Yeah, but they may just kick when you are doing maintenance. That's when most people get hit from what I know. But with some planning you'll most often be able to avoid it.

    Yeah, that's what some people have tried doing and for some hard to imagine reason it still failed :eek: You could try a search on this forum with the words "divide" or "devider" and see what hit's you come up with.
     
  9. Siienceofdeath

    Siienceofdeath Arachnosquire Old Timer

    T Habitat

    You could do that, but unless you somehow make a hinging lid so that one side opens independently from the other do you want to run the risk of one T getting out when the lid is off because your eye is on the other T? IMO it is not worth the risk, but if this is what you intend to do then good luck. :eek:
     
  10. Alissa

    Alissa Arachnosquire Old Timer

    I agonized over choosing my first T, because I was only going to get one, so it had to be perfect. Now I have nine and I am not getting any more. I really am not going to go to ten. Unless something really, really good comes into the shop. ;)

    On a side note, this group has convinced me that my fixation on tarantulas is perfectly normal and acceptable and has probably contributed to the problem.

    Also, larger tanks make it harder for your T to find food. I'd say a five gallon aquarium is sufficient for almost any T and really, they are inexpensive enough that dividing a ten gallon seems like a waste of time, more of a pain in the butt to clean, not as attractive and generally not worth the trouble. Even a large KK would be sufficient for most T's, I think, though there are varying opinions on those. A lot of ppl use tupperware for housing their spiders as well.
     
  11. MRL

    MRL Arachnolord Old Timer

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    Sorry to be so boring but......


    [​IMG]

    :D

    I think it's one of the best looking despite it being so common. I keep this one out in the open so my friends or anyone can see it when they come into my room. Aside from some nasty hairs, she's tame and easily held. Just got her too, and very glad I did.


    Here is a smaller version of her which I have, very cute but imo you'll enjoy it more at a larger size, this is my opinion for every T actually so if you get one get a big girl. ;)



    [​IMG]
     
  12. MAGIC2979

    MAGIC2979 Arachnopeon

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    the only reason i was going to divide the 10 gallon tank is i have one sitting around.

    and i really dont want to get alot of tanks in my room. so if i could divide a 10 gallon tank into 2/3 seperate sides it would work out real good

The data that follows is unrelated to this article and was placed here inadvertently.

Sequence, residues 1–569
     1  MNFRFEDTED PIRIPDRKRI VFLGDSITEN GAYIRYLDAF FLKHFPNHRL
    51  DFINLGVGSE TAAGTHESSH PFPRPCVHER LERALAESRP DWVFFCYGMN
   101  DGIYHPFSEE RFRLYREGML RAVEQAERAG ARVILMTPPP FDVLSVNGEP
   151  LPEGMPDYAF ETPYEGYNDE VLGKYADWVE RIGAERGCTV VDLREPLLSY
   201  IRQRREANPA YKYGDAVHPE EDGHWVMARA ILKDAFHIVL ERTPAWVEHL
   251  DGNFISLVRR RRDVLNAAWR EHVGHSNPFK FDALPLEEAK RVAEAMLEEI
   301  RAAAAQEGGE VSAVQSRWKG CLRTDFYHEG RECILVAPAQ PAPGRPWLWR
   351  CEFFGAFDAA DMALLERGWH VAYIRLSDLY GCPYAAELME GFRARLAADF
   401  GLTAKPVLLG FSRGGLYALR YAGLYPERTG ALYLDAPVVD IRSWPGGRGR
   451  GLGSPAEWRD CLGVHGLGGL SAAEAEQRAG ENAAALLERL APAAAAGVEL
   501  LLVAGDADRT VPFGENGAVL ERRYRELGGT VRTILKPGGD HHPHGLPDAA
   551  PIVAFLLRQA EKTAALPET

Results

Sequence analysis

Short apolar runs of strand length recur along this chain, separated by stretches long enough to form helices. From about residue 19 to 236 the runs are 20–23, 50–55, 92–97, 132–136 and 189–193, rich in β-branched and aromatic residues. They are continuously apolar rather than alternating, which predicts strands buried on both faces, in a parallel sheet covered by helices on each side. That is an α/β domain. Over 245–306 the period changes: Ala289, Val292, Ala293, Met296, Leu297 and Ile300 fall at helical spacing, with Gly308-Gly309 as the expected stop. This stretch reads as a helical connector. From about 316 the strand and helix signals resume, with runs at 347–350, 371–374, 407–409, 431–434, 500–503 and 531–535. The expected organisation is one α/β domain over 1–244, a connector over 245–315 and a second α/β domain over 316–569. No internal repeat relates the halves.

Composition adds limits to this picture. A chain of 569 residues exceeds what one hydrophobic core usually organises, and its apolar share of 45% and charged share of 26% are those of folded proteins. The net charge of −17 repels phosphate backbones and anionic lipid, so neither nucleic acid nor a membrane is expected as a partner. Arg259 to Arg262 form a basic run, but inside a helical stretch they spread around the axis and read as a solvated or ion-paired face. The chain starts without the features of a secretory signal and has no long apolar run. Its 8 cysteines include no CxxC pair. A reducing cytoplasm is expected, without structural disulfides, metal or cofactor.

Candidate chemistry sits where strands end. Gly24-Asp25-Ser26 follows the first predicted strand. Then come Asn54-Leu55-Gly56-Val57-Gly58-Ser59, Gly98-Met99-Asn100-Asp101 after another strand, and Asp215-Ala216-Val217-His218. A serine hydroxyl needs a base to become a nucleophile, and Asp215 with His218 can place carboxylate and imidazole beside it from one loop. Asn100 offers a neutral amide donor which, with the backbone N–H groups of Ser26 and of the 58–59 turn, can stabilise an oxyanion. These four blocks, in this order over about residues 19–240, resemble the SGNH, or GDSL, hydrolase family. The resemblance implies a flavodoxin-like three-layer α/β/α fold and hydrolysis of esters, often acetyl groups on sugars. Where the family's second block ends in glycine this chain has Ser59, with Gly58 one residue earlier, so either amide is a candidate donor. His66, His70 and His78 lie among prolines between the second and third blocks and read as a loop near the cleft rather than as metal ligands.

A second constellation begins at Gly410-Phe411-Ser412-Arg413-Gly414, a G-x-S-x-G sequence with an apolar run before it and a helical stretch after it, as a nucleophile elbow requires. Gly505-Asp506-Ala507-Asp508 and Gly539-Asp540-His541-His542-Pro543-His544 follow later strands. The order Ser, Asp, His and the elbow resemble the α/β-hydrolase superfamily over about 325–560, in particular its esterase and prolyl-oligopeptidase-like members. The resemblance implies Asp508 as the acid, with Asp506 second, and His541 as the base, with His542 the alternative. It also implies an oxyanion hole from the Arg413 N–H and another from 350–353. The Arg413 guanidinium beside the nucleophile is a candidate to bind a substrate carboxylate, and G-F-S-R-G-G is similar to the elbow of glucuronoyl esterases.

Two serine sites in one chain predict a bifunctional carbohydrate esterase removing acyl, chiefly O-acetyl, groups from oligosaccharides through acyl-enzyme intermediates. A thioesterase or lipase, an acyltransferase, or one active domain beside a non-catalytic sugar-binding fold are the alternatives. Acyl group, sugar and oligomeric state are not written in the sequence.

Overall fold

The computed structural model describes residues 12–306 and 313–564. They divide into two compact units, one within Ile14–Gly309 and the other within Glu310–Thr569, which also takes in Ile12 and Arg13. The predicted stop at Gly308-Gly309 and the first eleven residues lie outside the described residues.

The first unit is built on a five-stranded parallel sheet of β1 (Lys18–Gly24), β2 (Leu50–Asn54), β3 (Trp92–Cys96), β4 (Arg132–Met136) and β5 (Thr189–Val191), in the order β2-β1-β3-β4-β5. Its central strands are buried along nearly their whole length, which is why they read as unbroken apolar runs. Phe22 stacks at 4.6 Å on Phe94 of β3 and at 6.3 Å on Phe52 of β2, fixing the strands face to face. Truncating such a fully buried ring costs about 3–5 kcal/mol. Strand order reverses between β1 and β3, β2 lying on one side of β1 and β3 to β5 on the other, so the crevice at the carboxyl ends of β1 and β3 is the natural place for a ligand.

13. MRL

    MRL Arachnolord Old Timer

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    It's much easier to have three 2.5 gallon enclosures which would be just about the same size if not smaller then a 10 gallon one, also looks better. This size tank imo is big enough for what you would be looking for.:D
     
  14. Windchaser

    Windchaser Arachnoking Old Timer

    You certainly are free to do this but as it has been mentioned several times, often you will end up with one very well fed tarantula. Personally, I just don't think its worth the risk. A couple of smaller enclosures aren't that expensive.

    As far as care sheets go, I would not put too much faith in them. Many of them are simply wrong and give inaccurate information. For any of the species that you are looking at a dry substrate with a water dish will be fine. Occasionally over fill the water dish to wet the substrate. With respect to temperature, if you are comfortable your tarantulas should be comfortable. They will do fine in pretty much anything over 65 F. They can tolerate lower temperatures for brief periods as well. Humidity is highly over rated and a well hydrated tarantula matters much more than the ambient humidity level. Hence the water dish.
     
  15. this is probably some of the better advice youll get regarding humidity levels and such. take my example..my seemani is in dry bed-a-beast and i used a wide water dish and its plenty for establishing humidity. my hygrometer says its about 70-75% humidity in its tank, and i never mist.
     
  16. Thoth

    Thoth Arachnoprince Old Timer

    Also a divided ten gallon tank (or 2.5 gallon) would be on the small side for most adult ts. giving you only 10"x10" of floorspace and the legspan of the species you mentioned are in the range of 5-6". So things would be a bit cramped.

    I use 5.5 gallon tanks for my adult ts, and to save space I place them so the short end faces out. (hope that makes sense)
     
  17. MAGIC2979

    MAGIC2979 Arachnopeon

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    as of right now i am leaning twords getting a Mexican Fire Leg (Brachypelma boehmei).

    Now when i set up its cage. can i set it up naturally. with live plants and stuff in the cage? i want the cage to look nice as well. its just a habit i have when i buy something i like to set up its cage with live plants.. just gives the cage a real nice look.

    Also how large do the B. boehmei have to be before they can be sexed? i want to try and get a female, i have heard they are the bigger/most colorfull of the two sexes.

    and do you think a 10 galloon tank will be a good size cage for the adult? i will add probably two hides consisting of half flower pots and then scattering a few live plants throughout the cage.
     
  18. Cory Loomis

    Cory Loomis Arachnoknight Old Timer

    If you want two tarantulas, I'd get the B. boehmi for sure. I have two females, and they're great! Beautiful, hungry, and visible. A 5.5 gallon tank is perfect for an adult. (Don't even think about handling.) For plants, stick to the aloes and sanseverias. For a naturalistic hide, buy a coconut, saw it in half with a hacksaw, and scrape out the coconut. Then use a coping saw to cut out a door. You'll have a cool looking hide and can even eat the coconut and use the coconut milk. Other great hides can be made by hot-gluing pieces of slate together to form a cave. If you're setting up something naturalistic, make it desert/dry scrubland. The B. boehmi can be sexed at the 1.5" to 2" size, but I wouldn't throw away a male.

    For the other, an Acanthoscurria geniculata will always be out and hungry, but it will grow big and need a 10 gallon tank as an adult. Not one to pick up either. Another possibility is a B. vagans or a B. albopilosum. Both will be out there, and both will be fine in a 5.5 gallon tank. Many folks handle both. Yet another option would be a Grammostola aureostriata. A super tarantula that can normally be handled.
     
    Last edited: Jan 17, 2006
  19. Tryris

    Tryris Arachnosquire

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    Just so you know the skeleton leg is a burrower.
     
  20. advan

    advan Nikonian Staff Member

    You are correct but a little too late. ;)